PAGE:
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Smother Fire with Snow, Split Dice Across a Mirror, and Play Qwixx Longer

W. Eric Martin
United States
North Carolina
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Board Game: Snowhere
German publisher NSV debuted three titles at SPIEL '21, with one of those being Snowhere from frequent NSV collaborator Steffen Benndorf.

As with NSV's The Mind, Snowhere seems like it will invite "Is that really a game?" type of questions from those who encounter it. See whether you agree after reading this description:
Your challenge in Snowhere is to use snow cards to extinguish all the fire in play.

To set up the game, spread the 111 cards fire-side up on the table in a single mass so that none of the cards are separated from one another. On a turn, a player picks up a fire card that is either uncovered or covered by at most a sliver of one other card. Turn the card over. If it shows a giant snowflake, set it aside; otherwise, use it to cover one or more of the fire cards still in play. You cannot cover a fire card one-to-one, but must cover part of the playing area (along with fire) with the snow card or cover part of another snow card already in play.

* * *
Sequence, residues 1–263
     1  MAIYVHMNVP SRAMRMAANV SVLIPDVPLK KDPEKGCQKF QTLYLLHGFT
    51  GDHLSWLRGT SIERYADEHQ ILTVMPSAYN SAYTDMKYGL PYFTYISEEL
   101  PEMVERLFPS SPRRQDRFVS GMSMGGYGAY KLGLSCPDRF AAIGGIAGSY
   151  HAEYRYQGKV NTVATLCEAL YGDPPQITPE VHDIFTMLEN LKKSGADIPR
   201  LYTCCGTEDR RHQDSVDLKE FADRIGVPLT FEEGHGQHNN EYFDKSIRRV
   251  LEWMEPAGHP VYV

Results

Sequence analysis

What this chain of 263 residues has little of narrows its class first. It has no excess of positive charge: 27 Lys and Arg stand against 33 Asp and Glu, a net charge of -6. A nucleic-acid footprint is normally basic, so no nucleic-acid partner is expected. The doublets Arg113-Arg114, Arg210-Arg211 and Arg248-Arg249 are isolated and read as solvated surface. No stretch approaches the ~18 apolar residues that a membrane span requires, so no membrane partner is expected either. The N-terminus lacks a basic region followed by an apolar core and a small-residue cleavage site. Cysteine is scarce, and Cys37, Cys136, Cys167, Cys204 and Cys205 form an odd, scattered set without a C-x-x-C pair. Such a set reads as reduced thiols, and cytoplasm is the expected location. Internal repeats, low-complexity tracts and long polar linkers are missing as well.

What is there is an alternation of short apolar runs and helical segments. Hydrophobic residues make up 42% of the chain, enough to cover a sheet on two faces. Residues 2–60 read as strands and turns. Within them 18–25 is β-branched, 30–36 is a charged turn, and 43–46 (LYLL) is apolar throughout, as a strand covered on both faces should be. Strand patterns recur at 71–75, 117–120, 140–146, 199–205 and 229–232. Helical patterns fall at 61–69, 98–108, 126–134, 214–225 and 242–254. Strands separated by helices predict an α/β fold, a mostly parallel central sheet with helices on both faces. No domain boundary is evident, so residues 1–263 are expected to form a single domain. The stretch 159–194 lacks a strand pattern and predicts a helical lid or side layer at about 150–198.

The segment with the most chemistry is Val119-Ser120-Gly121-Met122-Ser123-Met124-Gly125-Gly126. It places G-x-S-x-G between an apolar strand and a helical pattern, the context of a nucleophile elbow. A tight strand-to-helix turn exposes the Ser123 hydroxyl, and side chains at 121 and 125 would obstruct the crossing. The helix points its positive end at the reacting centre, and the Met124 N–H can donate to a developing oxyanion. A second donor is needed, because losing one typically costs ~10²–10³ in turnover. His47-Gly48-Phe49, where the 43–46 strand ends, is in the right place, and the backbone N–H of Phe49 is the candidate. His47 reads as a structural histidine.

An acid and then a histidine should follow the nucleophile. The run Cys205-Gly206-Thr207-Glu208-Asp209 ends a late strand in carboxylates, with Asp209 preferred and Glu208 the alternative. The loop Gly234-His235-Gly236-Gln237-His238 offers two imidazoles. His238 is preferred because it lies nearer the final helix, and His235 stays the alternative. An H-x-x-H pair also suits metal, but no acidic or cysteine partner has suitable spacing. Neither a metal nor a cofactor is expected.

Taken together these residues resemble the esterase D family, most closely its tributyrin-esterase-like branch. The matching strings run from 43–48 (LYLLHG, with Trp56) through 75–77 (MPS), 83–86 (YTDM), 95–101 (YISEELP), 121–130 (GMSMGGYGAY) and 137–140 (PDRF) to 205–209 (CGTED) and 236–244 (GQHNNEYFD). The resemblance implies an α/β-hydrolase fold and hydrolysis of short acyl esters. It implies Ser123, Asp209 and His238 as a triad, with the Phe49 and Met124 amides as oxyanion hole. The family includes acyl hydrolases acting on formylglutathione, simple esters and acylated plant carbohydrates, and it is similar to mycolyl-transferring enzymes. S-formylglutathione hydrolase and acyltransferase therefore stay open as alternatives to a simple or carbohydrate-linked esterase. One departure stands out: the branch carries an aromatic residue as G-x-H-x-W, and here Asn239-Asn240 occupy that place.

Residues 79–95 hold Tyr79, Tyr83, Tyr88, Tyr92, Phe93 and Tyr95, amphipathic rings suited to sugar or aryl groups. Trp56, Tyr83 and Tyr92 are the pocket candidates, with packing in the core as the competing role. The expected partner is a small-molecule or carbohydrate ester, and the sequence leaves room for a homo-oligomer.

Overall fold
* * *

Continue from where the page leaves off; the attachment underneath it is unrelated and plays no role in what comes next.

When a player can no longer remove any fire cards from the table, use any giant snowflakes set aside earlier to cover as much of the remaining fire as possible. The fewer fire cards revealed, the better, and if you have covered all of the fire, then you win.
This design — which is listed for 1+ players — sounds like an interactive art exhibit as much as a game, and I'm intrigued by minimal rule sets like this that leave me wondering how something even works. The experience itself is the thing, and I'm curious to see what it's like.

From gallery of W Eric Martin
• You might notice that Snowhere's packaging advertises itself as part of NSV's "NatureLine". Aside from this title, NatureLine consists of a half-dozen other titles — such as Benndorf's Qwixx and The Game — that NSV is now producing with no plastic components. To summarize the details on the NSV website, the NatureLine titles use:

—Paper banderoles on card decks instead of cellophane wrapping
—Score pads and instructions made from recycled paper
—Unpainted wooden pencils
—A box that is packaged inside a slipcase, with both being made from recycled cardboard
—Water-based varnish and sustainable inks
—Wooden dice that are "100% FSC"

From gallery of W Eric Martin

• Speaking of Qwixx, one of the other new titles from NSV is Qwixx Longo, co-designed by Benndorf and Reinhard Staupe, with this title playing much like the original game, but taking a bit longer to play...which you might have already suspected given the name.

For those unfamiliar with Qwixx, here's a rundown of gameplay in Qwixx Longo, which will also cover what's new for those who already know the game:
Qwixx Longo is a quick-playing dice game in which everyone participates, no matter whose turn it is. Each player has a scoresheet with the numbers 2-16 in rows of red and yellow and the numbers 16-2 in rows of green and blue. To score points you want to mark off as many numbers as possible, but you can mark off a number only if it's to the right of all marked-off numbers in the same row.